NetStumbler and inSSIDer wireless scanners
NetStumbler is a program for Windows that scans for and detects wireless local area networks (WLANs). It displays the characteristics of the WLANs that it finds, such as WLAN type (802.11a, 802.11b, or 802.11g), WLAN name (or SSID), encryption algorithm (WEP, WPA, etc.), and channel (the 802.11 WLAN standard divides each of the 2.4GHz/5GHz bands into multiple channels).
NetStumbler was a very popular wireless tool at one time, however it has fallen by the wayside in recent years because it only runs on Windows 2000 or Windows XP and not on Windows Vista or Windows 7. When I tried to run NetStumbler on Windows 7, it displayed a “no wireless adapter found” error message as seen below.
To view a screen shot of NetStumbler in use you can use Google Images.
Although NetStumbler’s creator stated in February 2010 that he was working on a new version of NetStumbler that would be compatible with the latest Windows operating systems, this new release had not materialized by the time of this writing.
In the meantime, NetStumbler has been surpassed by a similar wireless tool, InSSIDer by MetaGeek. Like NetStumbler, InSSIDER is free but unlike NetStumbler, it is open source software (Apache 2.0 license) and
currently an alpha version of InSSIDER is available for installation on Linux (Linux page offline, cached here).
InSSIDer works just the same as NetStumbler: you simply launch the executable and the program immediately begins scanning for and displaying information on the WLANs it finds.
Details about the WLANs detected are displayed in several columns as explained below.
- SSID – the service set identifier or name of the WLAN.
- Channel – the channel that the WLAN is operating on.
- RSSI – the received signal strength indicator, or measurement of the power (signal strength) present in a received radio signal. The lower, the stronger (for example, my WLAN whose AP is ten feet away is rated -36 while more distant WLANs are -67 to -88).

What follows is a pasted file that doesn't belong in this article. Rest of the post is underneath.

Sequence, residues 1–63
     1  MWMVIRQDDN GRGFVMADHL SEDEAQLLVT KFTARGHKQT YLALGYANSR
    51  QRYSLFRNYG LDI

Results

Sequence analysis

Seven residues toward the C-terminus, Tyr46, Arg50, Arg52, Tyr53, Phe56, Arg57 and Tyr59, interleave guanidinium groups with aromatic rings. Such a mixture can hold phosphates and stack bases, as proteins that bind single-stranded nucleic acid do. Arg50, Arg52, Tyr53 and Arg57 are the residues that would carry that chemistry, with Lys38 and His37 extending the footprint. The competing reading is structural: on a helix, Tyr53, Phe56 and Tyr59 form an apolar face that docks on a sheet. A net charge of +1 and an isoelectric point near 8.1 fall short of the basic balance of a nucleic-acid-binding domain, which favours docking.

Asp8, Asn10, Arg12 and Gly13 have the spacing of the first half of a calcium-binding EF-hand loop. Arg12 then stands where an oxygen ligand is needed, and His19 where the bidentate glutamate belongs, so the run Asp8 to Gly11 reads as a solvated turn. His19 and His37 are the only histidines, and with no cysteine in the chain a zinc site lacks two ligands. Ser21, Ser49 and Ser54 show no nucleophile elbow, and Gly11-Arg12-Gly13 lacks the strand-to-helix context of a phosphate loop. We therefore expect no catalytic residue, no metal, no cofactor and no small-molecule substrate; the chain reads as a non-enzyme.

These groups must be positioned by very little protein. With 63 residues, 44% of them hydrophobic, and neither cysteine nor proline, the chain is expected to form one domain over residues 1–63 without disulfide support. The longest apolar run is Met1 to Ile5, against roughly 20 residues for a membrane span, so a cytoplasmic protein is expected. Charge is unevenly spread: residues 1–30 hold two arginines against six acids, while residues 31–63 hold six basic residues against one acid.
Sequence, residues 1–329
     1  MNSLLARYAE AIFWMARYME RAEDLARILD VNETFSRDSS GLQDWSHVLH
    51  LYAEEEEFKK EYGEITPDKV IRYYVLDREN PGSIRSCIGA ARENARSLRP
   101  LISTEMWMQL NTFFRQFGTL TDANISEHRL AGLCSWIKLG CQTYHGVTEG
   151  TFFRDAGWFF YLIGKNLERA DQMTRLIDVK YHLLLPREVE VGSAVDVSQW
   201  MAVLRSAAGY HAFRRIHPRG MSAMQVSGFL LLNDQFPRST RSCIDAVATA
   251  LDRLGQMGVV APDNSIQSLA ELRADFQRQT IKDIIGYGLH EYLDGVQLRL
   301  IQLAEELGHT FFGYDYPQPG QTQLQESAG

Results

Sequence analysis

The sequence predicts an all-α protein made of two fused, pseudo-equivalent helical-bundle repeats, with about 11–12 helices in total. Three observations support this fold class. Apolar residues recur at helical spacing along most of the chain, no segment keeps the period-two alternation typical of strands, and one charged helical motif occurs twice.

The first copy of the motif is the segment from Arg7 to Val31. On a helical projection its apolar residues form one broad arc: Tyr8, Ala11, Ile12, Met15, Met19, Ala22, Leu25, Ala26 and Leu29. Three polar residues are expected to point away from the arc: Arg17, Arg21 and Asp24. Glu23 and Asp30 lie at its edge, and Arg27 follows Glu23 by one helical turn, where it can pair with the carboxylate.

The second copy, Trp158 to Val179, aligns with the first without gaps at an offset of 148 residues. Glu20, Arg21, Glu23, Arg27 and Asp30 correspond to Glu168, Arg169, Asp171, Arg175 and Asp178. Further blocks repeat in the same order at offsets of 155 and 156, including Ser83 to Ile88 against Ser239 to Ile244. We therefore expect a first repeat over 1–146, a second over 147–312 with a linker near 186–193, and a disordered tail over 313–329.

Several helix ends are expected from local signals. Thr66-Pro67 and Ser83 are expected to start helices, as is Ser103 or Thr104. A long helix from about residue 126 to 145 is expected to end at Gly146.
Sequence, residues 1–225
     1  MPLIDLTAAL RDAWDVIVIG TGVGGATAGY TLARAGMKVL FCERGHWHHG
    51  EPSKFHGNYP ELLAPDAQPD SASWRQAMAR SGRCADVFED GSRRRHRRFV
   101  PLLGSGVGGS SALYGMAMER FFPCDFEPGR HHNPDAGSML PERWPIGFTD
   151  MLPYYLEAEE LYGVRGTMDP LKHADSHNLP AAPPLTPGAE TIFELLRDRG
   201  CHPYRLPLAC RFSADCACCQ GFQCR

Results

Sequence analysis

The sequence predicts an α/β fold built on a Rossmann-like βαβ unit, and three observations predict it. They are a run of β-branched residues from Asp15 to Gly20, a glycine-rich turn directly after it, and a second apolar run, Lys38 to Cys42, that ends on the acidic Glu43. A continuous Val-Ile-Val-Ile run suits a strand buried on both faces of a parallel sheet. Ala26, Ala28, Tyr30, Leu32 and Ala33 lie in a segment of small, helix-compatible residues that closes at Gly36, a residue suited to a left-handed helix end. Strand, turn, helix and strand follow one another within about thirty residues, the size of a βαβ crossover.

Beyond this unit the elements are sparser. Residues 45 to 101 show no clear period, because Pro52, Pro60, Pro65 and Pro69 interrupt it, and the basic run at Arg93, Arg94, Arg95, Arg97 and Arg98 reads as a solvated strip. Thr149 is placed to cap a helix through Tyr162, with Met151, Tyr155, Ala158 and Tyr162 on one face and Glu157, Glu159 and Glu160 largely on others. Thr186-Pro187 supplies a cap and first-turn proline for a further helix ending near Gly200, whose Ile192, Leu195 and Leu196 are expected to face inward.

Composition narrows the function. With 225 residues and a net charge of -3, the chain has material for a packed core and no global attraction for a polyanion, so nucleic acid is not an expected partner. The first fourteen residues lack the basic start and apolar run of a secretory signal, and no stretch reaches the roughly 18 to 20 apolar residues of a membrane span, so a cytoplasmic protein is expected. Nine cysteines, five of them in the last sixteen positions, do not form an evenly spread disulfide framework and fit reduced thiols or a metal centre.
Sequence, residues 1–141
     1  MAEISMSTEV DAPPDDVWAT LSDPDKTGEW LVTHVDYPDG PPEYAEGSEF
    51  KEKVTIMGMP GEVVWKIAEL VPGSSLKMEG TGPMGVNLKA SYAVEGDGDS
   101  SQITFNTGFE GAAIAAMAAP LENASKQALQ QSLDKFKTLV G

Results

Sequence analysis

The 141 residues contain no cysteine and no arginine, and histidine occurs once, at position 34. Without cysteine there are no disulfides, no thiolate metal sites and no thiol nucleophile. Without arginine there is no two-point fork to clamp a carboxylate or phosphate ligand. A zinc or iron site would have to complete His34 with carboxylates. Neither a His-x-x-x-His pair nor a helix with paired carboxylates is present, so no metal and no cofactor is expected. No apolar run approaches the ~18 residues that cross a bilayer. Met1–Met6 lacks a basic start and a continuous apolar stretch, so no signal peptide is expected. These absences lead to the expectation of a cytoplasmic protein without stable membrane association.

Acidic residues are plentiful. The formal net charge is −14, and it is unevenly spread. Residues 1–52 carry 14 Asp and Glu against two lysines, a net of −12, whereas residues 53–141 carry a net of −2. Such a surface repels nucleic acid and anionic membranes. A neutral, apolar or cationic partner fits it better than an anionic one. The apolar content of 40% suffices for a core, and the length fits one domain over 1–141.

- Security – the type of encryption the WLAN uses to secure its transmissions. ‘None’ means no encryption is used leaving that WLAN wide open. Other possibilities are WEP, WPA-TKIP (aka WPA Personal), and RSNA -CCMP which is the same as WPA2-CCMP.
- MAC Address – the MAC address of the wireless access point (AP).
- Max Rate – the theoretical maximum data transmission rate for the WLAN. 802.11g can theoretically reach 54 megabits per second (Mbs); 802.11n can surpass even this speed.
- Vendor – the manufacturer of the wireless AP, such as Linksys, Netgear, D-Link, etc.
- Network Type – only two choices here: infrastructure or ad hoc. In infrastructure mode, wireless-capable devices communicate through an access point that serves as a bridge to a wired network infrastructure. Ad hoc mode enables direct peer-to-peer transmissions between wireless-capable devices without the intervention of an AP.
- First Seen – displays the time when inSSIDer first detected the WLAN.
- Last Seen – displays the time when inSSIDer last saw the WLAN (presumably before it went offline).
- Latitude and Longitude – used in conjunction with inSSIDer’s GPS functionality (described below).
The functionality of inSSIDer is expanded by the functions of four tabs that appear in the user interface.
- Welcome – contains links from the MetaGeek website.
- Time Graph – displays the up’s and down’s of the WLANs’ signal strengths (color-coded for easy viewing).
- 2.4 GHz Channels – another graph displaying the signal strength (amplitude) of only the 2.4 GHz WLANs that inSSIDer finds.
- 5 GHz Channels – another graph displaying the signal strength (amplitude) of only the 5 GHz WLANs that inSSIDer finds.
Apparently you can connect a GPS device to your computer’s serial port and use it in conjunction with inSSIDer; I cannot explore this functionality at present, but MetaGeek maintains a list of supported GPS models on its inSSIDer support forum. By default inSSIDer does not perform logging but you can enable this function by choosing GPS -> Start Logging. InSSIDer saves its logs with the .gpx file extension. You can tell InSSIDer what to call its log file and where to save it by selecting GPS -> Change log file name. To convert your .gpx logs to .kml format, select GPS -> Convert GPX to KML (also see here for more on KML).
As you can see, inSSIDer is fairly simple and straightforward to use. In terms of finding and reporting on existing WLANs in your vicinity, it vastly outperforms the native Windows wireless detection feature (shown below). If you have questions about inSSIDer’s functionality or if you encounter difficulty or errors using it, MetaGeek provides an InSSIDer forum where you can ask for assistance.
Another WLAN scanner you might want to try out is Vistumbler. It boasts even more features than inSSIDer.
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